There are a surprising number of cases involving dogs, though most cases are not as famous as the vicious attack that killed Diane Whipple in 2001. Ms. Whipple’s neighbors housed Canary Island mastiffs. Both criminal and civil cases were highly televised.
In Alameda county, in the case of Chee v. Amanda Goldt Property Management, a Jack Russel Terrier attacked a 71 year old woman and only the legal journals picked it up. In that case, the victim Ms. Chee sued her neighbor Kiymaz who owned the terrier. Unfortunately, the neighbor filed for bankruptcy. Left without a defendant, Ms. Chee’s attorney brought an action against the landlord and the property management company under the theory of vicarious liability.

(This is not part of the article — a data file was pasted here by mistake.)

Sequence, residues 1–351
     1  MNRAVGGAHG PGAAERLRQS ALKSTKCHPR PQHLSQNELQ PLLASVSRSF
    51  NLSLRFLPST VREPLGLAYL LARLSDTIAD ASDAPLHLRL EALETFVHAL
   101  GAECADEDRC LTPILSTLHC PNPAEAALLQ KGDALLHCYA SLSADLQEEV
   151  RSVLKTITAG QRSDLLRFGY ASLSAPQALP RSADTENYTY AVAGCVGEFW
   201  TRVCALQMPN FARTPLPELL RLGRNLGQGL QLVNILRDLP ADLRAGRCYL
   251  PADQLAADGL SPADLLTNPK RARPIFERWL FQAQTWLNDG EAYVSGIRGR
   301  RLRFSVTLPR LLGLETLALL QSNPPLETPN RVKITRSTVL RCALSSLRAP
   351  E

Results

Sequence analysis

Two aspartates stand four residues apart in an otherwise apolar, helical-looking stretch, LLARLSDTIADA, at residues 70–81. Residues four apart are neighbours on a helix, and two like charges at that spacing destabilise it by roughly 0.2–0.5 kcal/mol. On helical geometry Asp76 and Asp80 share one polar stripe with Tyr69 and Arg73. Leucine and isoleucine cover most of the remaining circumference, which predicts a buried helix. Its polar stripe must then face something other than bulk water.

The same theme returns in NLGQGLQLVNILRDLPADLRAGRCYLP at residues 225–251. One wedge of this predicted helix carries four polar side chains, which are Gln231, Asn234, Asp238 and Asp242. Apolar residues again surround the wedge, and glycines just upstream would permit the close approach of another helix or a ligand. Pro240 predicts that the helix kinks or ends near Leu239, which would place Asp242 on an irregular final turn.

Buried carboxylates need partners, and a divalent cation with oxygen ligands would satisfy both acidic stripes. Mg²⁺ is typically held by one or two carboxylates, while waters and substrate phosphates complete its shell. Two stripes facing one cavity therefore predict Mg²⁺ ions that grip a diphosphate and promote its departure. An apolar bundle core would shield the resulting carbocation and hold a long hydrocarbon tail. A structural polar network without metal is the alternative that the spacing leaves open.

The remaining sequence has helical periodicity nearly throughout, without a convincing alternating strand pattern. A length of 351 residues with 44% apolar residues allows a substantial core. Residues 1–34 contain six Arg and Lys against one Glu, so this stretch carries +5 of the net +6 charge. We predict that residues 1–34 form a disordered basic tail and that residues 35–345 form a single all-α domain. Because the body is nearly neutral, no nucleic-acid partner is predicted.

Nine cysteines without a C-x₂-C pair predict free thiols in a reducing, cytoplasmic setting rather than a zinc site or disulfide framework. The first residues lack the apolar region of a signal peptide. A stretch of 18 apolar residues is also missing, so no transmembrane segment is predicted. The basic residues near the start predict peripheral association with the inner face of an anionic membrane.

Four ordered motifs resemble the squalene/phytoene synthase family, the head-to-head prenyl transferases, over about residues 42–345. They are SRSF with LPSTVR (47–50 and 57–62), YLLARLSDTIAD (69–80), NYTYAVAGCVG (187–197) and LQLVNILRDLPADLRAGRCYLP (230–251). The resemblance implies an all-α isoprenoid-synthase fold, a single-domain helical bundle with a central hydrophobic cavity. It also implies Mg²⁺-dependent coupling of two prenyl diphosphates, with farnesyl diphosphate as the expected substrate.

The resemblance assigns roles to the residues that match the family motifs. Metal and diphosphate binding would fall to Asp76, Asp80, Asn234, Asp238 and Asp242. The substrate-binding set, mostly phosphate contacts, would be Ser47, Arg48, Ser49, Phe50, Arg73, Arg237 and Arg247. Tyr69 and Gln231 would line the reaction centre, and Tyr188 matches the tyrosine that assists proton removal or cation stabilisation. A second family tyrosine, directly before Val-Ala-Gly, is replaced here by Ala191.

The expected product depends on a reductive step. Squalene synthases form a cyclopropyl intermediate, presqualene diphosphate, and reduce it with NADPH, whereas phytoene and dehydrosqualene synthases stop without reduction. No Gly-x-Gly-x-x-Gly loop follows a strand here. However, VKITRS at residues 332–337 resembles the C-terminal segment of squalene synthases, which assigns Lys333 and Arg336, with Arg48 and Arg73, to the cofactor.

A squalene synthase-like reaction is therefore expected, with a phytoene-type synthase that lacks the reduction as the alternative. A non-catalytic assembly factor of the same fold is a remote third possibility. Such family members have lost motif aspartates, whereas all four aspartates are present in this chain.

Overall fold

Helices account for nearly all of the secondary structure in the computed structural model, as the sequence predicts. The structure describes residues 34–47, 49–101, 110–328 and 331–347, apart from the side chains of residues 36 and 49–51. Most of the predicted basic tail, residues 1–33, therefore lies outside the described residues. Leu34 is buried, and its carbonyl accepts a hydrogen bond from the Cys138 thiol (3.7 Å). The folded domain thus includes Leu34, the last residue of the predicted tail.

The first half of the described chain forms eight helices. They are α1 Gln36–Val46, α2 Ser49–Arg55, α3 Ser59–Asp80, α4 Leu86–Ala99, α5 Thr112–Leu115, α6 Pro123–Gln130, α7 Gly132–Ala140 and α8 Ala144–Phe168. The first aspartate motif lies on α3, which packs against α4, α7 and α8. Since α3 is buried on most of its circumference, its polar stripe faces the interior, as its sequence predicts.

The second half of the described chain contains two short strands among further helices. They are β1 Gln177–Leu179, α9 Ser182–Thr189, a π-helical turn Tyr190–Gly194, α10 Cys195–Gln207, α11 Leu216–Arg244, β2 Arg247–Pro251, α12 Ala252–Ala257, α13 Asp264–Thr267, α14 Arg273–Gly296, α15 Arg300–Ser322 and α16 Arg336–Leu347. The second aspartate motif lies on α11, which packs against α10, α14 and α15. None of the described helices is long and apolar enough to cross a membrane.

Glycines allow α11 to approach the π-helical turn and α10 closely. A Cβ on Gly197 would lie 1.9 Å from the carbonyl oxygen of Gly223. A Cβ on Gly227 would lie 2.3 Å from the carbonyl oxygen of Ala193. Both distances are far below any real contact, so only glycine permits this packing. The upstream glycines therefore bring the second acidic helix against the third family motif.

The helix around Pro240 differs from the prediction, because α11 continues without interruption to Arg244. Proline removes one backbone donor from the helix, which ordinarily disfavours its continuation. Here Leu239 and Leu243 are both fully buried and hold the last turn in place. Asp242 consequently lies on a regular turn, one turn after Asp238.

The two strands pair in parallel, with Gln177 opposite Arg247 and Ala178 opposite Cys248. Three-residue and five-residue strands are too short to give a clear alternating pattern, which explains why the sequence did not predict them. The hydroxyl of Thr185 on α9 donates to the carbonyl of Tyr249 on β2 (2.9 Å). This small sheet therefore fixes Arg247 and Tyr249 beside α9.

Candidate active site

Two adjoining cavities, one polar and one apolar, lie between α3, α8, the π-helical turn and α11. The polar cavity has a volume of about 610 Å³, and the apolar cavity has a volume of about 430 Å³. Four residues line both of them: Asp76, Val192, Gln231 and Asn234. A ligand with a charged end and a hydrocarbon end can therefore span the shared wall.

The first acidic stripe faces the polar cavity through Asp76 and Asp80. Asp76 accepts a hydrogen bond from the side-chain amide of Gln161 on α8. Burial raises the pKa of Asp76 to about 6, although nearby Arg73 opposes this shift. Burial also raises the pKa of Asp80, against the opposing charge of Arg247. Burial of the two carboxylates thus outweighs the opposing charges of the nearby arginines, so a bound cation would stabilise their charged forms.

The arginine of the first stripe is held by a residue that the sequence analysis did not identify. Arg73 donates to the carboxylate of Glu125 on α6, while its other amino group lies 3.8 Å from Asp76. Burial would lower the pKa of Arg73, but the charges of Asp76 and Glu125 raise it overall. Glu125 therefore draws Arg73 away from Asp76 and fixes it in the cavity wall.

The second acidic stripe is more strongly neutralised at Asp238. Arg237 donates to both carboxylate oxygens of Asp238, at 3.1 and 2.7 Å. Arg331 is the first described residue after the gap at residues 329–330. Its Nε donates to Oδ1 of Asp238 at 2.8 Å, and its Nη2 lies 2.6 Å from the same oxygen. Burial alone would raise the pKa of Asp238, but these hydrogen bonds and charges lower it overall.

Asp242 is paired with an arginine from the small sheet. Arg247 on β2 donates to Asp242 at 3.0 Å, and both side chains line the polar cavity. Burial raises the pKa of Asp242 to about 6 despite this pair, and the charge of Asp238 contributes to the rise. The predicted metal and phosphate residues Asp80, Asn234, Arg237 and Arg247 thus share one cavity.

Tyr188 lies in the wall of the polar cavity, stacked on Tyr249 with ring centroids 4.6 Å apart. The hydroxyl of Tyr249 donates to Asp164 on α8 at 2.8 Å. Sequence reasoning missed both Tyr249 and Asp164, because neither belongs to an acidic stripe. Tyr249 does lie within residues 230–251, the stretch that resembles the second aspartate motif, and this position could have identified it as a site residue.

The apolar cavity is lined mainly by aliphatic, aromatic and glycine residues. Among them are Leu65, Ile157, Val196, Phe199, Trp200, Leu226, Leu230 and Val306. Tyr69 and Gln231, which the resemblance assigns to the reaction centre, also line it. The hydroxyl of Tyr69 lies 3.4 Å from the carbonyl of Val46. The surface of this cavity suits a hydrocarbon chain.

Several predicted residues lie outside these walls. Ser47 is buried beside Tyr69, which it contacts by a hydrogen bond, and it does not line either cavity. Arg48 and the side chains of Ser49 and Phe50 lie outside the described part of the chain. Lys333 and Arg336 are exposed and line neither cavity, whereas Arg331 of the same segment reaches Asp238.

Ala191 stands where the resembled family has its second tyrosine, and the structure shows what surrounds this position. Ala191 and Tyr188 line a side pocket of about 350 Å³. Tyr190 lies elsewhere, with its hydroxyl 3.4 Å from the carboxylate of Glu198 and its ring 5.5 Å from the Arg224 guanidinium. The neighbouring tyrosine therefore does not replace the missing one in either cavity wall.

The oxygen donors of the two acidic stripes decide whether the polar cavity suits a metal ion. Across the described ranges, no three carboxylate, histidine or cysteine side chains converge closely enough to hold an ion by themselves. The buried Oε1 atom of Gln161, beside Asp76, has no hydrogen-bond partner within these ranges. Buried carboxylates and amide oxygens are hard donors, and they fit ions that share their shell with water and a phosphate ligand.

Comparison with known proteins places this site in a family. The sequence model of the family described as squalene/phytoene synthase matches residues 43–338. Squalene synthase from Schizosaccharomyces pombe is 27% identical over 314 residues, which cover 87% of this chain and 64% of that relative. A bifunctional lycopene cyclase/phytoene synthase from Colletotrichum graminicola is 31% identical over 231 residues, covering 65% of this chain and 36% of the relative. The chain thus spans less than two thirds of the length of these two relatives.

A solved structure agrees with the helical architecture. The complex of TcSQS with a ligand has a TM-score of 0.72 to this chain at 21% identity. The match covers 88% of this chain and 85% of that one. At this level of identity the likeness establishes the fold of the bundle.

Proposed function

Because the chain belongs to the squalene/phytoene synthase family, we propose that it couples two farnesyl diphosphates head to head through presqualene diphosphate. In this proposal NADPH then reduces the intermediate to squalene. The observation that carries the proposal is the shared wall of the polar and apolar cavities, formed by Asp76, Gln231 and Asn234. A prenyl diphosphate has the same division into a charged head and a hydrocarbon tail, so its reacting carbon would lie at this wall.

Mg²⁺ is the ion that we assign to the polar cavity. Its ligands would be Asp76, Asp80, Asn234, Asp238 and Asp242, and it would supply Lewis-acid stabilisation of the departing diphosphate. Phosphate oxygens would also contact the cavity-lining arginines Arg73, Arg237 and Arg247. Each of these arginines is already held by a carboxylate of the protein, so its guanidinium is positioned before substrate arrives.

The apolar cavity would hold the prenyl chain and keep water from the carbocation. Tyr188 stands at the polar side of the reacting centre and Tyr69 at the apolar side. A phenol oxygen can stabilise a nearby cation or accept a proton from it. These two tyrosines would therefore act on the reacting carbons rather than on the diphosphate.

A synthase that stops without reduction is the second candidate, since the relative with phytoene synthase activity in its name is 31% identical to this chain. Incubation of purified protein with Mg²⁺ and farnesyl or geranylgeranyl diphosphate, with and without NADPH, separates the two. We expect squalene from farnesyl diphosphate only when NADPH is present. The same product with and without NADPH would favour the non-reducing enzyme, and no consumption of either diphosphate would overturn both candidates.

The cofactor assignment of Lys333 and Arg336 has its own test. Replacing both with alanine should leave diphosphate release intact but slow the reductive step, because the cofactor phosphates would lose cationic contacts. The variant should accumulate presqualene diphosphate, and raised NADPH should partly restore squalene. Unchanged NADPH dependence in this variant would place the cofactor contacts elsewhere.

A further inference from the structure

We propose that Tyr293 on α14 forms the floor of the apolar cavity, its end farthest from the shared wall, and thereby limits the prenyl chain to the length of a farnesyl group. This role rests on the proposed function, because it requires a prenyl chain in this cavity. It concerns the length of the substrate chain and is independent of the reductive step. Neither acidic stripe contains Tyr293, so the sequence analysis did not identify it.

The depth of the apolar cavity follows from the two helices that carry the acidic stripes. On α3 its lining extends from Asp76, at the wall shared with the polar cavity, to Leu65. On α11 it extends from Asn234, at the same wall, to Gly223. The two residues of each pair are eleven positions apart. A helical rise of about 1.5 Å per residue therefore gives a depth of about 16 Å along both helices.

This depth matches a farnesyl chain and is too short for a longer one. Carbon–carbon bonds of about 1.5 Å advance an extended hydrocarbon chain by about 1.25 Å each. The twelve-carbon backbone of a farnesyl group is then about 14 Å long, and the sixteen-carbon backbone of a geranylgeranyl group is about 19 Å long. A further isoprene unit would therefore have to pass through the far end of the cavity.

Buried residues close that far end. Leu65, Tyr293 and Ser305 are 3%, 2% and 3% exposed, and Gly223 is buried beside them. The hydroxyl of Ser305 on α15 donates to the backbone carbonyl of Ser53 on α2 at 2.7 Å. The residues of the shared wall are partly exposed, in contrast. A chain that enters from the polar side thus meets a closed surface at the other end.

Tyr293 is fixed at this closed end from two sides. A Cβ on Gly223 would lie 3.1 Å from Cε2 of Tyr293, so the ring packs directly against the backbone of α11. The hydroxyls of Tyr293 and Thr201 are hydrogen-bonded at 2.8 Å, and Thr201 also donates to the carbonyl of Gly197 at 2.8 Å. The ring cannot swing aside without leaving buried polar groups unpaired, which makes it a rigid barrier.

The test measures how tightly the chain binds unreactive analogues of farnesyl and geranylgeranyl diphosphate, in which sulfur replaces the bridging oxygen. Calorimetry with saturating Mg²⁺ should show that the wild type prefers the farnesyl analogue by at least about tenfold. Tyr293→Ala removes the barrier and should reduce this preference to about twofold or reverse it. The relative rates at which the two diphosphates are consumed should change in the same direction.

The Court found that the landlord and the property management company were not liable because they did not have actual knowledge of the that particular dog’s dangerous characteristics. Knowledge of the existence of the dog and the breed characteristics were not enough.
Additionally, the Court was careful to distinguish that this was taking place in a residential setting where pets are common. The one case where a landlord has been found jointly and severally liable with the tenant was in a commercial property setting where the tenant kept a guard dog. In that case (Portillo v. Aissa), the landlord had recently renewed a lease with the tenant and should have inspected the premises at the time of the lease renewal.
The Chee Court reiterated that the general rule is that a residential landlord has no duty to check on the tenant and inspect for dangerous pets. However, it would not be advisable to deliberately avoid managing your rental properties as there are other conditions to the property that a landlord would be responsible to inspect for and address.
Do you have a dog? Talk to your insurance agent to see if your policy covers it.